• Interest rate: The convertible notes also have an interest rate that comes into play as soon as the notes are converted to equity. In this case, Tony and Mike offered the angel investor with a 2% annual interest rate. This means that after a year, the investor would get $400 worth of equity when the convertible notes convert.
  • Maturity date: This is the date when the convertible notes have to be repaid, which in this case is 2 years from when the convertible notes are given to the angel investor. This means that if the company does not reach the Series A funding round, the note would turn into “x” amount of shares. In this case, the convertible notes would turn into $80,000 worth of shares. On the maturity date, the valuation would be calculated based on the various revenues the company obtained since the starting.

Back to the Case Study

With this investment round, the cap table and ownership is affected to a large extent, though this change is seen only after the company reaches the Series A round. But before we can reach the Series A funding round, the company needs employees. Plus, with the little investment obtained from the angel investor, it is impossible to pay workers a lot in the beginning stage of the company. And without workers, the products would not be prepared on time.

So, the next step that Mike and Tony decide to take up is hiring the best talents in the industry by offering them with equity compensation via ESOs (Employee Stock Options). This plan is only offered to the highly talented professionals who have about 5 to 10 years of experience. Mike makes a clause where only the Senior Executives would be able to enjoy such a bonus.

They begin to hire and gather about 10 employees out of which 3 are given the position of the seniors in the company. In short, Mike and Tony, as promised, had to offer these three executives with the stock options. Before we can move ahead with the case study, let us understand what ESOs are all about.

Background information on ESO

ESOs, known as employee stock options, are a type of equity compensation that is offered to the employees and executives by the company. As per the ESOs scheme, the employee has the choice to purchase the company’s underlying asset (stock) at a predetermined (usually discounted) price for a specific amount of time. The details of the ESO is noted in the agreement prepared for the plan to be executed after the employee agrees with the conditions the company is offering.

The main idea behind offering the employees with the ESOs is that they enjoy the following benefits:

  • A chance to earn from the success of the company directly;
  • Employees feel motivated to work better since they get a part of the ownership of the company;
  • It offers the employees with tax benefits; and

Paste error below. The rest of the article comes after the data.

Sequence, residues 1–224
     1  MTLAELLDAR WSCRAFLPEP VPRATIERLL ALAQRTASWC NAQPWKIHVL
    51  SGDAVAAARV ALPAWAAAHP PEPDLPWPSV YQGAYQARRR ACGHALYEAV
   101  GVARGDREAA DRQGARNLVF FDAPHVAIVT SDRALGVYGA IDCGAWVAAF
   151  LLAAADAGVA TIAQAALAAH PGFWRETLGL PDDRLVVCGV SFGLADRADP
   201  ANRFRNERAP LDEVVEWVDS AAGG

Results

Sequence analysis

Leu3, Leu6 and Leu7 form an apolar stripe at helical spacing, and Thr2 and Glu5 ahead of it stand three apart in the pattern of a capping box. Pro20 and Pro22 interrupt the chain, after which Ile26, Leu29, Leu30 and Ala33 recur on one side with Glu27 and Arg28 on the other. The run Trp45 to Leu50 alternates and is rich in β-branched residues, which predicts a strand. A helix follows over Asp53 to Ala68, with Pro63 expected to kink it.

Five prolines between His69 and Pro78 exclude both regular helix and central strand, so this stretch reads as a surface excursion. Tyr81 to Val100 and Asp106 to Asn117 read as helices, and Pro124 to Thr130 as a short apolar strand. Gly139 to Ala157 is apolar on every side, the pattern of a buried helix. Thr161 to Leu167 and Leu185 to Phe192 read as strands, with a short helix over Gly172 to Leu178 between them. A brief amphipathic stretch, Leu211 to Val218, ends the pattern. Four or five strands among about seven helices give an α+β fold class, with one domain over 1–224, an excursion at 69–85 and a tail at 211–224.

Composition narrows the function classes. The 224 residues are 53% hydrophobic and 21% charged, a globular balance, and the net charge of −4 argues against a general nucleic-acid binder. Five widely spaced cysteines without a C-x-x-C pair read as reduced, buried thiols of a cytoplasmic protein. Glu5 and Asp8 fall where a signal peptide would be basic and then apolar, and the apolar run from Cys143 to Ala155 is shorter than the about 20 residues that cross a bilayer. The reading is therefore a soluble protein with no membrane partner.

• Lets the employee know how much their work means to the company.

Note: ESOs and ESOPs are two different plans.

Structure of ESO in this case study

In this case, Mike offers the executives with the choice to purchase a total of 10,000 ESOs each and for a period of 4 years. During the first year, the price of the share is at $0.1 (which is about a year after the pre-seed round). The price then increases to $1 in the second year and $2 per share in the third year.

During the fourth year, the company experiences a huge profit and the value of the share goes up to $5 per share. Based on these values, the employees purchase the shares during the four years period and take up their tiny bit of ownership of the company. From this, they are motivated and work extra hard to make the company grow, as they take it as their own now. With a situation like this, Mike and Tony did not have to worry so much about the outcome of the company.

Also, the employees were allowed to vest the options after 4 years of purchasing the overall shares offered to them. The shares were bought by the company on behalf of the employees. Tony and Mike would withhold part of the salaries of the 3 employees who were granted the choice of owning the company shares. This amount was then used to purchase the options on the right time. Due to the plan set out this way, Tony and Mike can be assured that the employees would not leave the company any sooner.

With the ESOs offered and the pre-seed round completed, Ultra-Sonic Inc., was in the place to move to the Series A funding round.

Conclusion

With this case study, you can understand that raising money from outside does cost you to to give up part of your ownership just like Mike and Tony had to do so. Moreover, if you want the best of the company with the best employees, you would have to offer them with equity compensation. And for this, you would again have to give up a part of the company ownership.

If you are in the pre-seed round, it is advised to not use the valuation cap for the convertible notes. This is because you would end up giving up a lot of equity to the investor. With this example case study, you would have understood all the parts of the pre-seed round and all about the ESOs and convertible notes.

In the end, it is advisable that you keep your cap table updated at all the time as soon as you start your company since things become complicated further. And if you do not note them down, you might end up losing a lot of your company’s ownership giving out shares of your company. To keep a track of the equity, you can use software programs like Eqvista just like Mike and Tony used it. Check out more about Eqvista here in details!